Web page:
PI suckitudes?

Drugmonkey has a post up about a colleague potentially bailing on PIdom for another career path. I’ve recently posted on the same topic and expressed some of the same sentiments. In DM’s discussion of this topic he raises the following point on the suckitudes of PIdom and how they weigh against the positives:

I don’t think I ever really understood where PIs who express disappointment with non-PI career path choices are coming from until recently. No, not one of my trainees, even worse. One of my science homies is thinking very seriously about taking an alternative path. I’m trying to be supportive. I know deep down that this person will make the best decision for himself and his goals/aspirations in life. Academic PIdom has copious suckitudes that can be magically relieved by taking another path. I know this.

Still. He’s been toiling on the edge along with many of us for years, trying to make it as a grant funded research-focused PI. From many measures and appearances he’s finally won! Things are looking like the PI / research path is going to work, if not just fine, at least as well as anyone else has it. He’s poised to really take off, scientifically. Apparently it isn’t enough.

This little passage can be especially pertinent for the junior PI who is currently starting up a lab and experiencing the suckitudes that come along with the current funding problems. While I’ve addressed how life changes from postdoc-hood to PIdom before, it is worth revisiting some of these issues from a fresh perspective.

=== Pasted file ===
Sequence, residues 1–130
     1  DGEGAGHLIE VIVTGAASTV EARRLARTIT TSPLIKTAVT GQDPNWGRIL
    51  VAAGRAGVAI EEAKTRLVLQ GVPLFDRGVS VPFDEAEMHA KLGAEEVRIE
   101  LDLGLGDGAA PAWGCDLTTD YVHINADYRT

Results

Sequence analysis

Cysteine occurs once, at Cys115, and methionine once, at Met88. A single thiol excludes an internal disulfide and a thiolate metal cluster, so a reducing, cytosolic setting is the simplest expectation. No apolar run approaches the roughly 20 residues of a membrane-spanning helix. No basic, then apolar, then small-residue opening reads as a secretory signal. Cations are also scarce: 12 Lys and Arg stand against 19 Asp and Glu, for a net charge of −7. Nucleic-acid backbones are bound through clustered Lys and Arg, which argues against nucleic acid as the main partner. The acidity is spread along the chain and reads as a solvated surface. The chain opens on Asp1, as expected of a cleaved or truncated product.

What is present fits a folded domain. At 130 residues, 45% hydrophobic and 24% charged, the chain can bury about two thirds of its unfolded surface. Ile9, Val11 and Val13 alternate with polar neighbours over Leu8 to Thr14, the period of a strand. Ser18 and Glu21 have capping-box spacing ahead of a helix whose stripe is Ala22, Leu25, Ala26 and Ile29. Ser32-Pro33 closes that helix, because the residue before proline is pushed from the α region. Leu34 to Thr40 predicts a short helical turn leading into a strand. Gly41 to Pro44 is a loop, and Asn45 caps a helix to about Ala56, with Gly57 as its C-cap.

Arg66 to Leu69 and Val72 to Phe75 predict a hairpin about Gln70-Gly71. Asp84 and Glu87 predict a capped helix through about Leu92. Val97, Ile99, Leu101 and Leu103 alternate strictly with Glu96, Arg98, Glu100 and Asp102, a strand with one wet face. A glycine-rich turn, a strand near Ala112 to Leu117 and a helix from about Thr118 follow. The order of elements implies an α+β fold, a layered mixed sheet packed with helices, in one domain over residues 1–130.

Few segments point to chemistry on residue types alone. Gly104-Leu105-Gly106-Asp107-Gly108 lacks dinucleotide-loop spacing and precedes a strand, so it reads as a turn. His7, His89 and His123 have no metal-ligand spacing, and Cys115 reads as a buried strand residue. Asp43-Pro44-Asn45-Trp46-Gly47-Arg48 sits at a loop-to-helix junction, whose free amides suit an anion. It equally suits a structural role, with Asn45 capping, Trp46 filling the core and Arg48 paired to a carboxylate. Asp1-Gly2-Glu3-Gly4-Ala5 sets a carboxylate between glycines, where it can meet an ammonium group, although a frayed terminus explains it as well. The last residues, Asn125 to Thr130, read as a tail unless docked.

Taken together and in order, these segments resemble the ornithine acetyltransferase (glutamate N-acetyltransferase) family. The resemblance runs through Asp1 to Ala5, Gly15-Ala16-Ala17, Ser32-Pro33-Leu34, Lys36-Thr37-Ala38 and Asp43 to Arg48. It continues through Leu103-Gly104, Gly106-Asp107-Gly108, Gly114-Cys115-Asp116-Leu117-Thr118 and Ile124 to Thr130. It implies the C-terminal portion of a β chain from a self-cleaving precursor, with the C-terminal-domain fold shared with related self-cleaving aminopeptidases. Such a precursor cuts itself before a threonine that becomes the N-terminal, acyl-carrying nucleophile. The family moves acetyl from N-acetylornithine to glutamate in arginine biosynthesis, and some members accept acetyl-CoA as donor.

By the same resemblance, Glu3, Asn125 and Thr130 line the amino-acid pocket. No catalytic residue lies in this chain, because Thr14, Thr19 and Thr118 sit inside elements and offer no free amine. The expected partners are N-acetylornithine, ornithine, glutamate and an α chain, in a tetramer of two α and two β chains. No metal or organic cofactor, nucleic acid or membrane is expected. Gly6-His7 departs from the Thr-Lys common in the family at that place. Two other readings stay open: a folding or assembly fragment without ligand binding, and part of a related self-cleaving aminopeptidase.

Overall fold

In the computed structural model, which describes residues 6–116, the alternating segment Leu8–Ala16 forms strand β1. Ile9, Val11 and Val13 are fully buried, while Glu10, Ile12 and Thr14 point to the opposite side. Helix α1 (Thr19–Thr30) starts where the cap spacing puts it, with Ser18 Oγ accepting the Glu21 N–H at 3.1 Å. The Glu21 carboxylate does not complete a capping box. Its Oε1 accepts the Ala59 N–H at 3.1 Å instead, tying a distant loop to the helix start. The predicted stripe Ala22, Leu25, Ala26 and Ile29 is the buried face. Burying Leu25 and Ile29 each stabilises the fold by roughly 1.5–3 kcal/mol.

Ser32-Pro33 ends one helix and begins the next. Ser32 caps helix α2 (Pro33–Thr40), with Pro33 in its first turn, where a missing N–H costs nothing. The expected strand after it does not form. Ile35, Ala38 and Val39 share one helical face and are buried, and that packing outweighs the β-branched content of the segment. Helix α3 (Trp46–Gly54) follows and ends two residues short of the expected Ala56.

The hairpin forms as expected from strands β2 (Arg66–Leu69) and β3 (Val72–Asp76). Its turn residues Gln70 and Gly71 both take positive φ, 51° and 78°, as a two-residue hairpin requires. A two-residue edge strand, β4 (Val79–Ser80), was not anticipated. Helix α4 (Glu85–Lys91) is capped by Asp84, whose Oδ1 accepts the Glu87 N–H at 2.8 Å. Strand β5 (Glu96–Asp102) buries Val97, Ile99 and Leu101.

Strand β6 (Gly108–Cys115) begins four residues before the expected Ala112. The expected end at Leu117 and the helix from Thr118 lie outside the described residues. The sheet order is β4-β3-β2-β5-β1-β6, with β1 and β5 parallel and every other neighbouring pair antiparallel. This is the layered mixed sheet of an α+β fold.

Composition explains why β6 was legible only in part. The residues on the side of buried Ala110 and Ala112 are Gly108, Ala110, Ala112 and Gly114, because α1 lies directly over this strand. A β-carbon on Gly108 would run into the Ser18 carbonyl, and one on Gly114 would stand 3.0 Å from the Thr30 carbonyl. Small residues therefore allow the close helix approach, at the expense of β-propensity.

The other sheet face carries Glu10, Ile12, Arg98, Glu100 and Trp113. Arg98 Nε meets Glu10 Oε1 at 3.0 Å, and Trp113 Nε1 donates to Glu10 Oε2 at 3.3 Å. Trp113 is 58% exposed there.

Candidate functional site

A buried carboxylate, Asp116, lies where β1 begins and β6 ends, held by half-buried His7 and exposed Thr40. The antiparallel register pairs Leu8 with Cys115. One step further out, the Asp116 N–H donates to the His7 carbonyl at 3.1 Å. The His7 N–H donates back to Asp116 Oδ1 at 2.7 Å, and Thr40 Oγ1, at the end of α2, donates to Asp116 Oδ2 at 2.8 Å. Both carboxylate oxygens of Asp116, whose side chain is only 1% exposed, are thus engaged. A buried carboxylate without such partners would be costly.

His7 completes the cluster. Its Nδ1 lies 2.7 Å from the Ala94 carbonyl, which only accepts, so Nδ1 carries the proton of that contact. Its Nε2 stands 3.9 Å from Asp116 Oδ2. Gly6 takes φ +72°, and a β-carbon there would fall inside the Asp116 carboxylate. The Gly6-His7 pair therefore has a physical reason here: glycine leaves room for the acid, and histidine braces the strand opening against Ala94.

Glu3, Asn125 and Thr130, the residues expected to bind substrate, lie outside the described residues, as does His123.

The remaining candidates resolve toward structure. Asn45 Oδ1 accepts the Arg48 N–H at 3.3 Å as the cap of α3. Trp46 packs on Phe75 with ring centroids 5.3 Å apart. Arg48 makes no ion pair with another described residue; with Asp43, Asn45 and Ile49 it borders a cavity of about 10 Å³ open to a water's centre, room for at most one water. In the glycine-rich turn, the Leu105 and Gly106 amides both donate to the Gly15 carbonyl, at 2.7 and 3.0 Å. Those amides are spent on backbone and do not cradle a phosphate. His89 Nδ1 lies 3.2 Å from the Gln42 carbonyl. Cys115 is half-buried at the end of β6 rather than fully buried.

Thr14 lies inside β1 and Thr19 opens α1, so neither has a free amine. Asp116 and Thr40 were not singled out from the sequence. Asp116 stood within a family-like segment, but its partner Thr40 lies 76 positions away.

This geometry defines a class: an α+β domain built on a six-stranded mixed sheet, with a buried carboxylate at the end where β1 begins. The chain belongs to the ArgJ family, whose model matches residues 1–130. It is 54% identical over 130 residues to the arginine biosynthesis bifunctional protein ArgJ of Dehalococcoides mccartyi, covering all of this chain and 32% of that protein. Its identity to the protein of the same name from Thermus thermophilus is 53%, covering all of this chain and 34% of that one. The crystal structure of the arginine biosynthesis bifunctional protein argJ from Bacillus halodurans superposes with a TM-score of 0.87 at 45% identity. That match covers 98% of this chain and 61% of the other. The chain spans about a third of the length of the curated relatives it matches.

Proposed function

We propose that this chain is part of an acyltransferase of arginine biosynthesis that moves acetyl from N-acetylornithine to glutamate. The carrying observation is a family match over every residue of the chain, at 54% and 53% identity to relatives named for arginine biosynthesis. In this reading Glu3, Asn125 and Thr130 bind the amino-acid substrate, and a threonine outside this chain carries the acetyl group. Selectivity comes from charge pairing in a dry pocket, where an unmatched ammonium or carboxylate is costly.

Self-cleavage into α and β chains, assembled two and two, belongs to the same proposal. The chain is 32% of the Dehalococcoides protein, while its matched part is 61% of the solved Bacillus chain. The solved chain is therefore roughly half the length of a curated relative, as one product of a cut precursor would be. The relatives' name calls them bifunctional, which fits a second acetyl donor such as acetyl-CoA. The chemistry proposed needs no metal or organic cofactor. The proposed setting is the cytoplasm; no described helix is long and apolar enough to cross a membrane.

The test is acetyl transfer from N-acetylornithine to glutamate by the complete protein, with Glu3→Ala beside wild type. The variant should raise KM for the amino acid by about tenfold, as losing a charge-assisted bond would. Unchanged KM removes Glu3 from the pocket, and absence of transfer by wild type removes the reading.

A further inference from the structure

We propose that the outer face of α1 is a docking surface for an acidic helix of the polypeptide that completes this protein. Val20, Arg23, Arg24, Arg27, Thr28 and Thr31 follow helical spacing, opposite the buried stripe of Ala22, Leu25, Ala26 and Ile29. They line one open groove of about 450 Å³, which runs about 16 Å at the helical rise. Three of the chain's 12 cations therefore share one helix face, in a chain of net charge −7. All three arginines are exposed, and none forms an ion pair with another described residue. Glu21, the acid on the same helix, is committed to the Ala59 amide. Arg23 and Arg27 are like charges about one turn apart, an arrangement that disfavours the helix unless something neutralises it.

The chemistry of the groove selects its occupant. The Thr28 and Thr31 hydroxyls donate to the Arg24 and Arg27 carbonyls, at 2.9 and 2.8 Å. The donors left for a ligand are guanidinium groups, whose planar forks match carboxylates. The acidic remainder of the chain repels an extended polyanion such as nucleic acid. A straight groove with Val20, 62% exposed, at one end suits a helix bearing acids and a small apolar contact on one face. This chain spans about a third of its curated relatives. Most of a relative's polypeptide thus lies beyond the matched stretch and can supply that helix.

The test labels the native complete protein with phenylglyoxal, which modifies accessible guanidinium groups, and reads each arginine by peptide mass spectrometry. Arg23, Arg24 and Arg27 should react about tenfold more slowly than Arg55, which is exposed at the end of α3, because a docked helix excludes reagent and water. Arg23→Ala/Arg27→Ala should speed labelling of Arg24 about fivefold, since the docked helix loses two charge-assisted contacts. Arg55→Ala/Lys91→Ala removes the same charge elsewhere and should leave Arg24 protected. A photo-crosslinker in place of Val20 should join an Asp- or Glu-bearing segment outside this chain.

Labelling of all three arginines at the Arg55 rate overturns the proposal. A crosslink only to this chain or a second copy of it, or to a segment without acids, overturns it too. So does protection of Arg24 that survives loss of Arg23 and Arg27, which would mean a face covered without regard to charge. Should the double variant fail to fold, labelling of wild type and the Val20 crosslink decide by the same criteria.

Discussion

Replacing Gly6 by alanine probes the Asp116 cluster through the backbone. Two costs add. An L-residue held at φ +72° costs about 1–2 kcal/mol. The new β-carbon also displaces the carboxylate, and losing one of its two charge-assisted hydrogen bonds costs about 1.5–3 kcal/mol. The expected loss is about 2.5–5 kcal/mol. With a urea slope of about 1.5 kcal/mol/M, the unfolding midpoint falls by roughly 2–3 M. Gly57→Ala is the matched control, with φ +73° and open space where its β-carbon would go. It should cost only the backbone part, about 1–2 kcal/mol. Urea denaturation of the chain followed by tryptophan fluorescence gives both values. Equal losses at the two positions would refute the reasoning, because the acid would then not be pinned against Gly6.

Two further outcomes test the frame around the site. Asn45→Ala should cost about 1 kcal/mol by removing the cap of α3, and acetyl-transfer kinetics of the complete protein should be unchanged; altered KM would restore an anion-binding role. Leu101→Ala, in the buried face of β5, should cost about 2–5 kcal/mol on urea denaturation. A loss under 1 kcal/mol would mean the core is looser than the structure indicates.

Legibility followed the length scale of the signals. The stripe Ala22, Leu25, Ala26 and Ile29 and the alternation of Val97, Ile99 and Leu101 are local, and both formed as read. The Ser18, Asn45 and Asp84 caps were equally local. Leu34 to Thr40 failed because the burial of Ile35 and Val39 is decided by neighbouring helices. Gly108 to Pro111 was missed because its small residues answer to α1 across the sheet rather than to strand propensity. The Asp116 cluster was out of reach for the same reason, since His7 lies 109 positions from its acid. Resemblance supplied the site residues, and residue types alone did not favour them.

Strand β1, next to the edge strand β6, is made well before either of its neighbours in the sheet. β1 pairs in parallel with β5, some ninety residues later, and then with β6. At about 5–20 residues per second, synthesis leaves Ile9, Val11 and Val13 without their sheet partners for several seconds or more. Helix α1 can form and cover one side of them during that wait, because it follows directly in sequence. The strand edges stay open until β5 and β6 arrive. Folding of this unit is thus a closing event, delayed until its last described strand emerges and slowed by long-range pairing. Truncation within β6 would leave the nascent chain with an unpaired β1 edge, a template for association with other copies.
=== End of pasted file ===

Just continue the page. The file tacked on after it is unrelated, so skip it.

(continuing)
One of the biggest lessons that I have learned since becoming a PI is that the skin needs to thicken and it needs to happen fast. Over the summer months I have spent nearly all of my time either in the lab helping trainees get their work up and going or writing and/or revising grants. We’ve had a number of reviews of submitted grants come back and right now we’re working on a string of “unscored” apps that is beginning to allow the imposter syndrome monster to creep in. Nip it in the bud! Well, maybe it isn’t so easy. One thing I am rapidly learning is that you have to keep perspective and understand that you are far from the only one having trouble getting a foot in the door right now. I want to succeed at this job and the best thing I can do for myself is to balance my competitive nature (which frequently leaves me feeling offended at negative reviews) with my desire to maintain this career over the long haul and find the appropriate level of balance between the two to get off the floor and figure out how to do it better the next time. Right now the suckitude of poor reviews is far outweighed by the excitement of planning new experiments and watching projects begin to take off. There is no question that my trainees are excited about what we are doing right now and they are making progress at a rate that I, frankly, did not expect. This bodes well for all of our futures and it is my job to make sure that I don’t let recent grant failures get in the way of what we are trying to accomplish.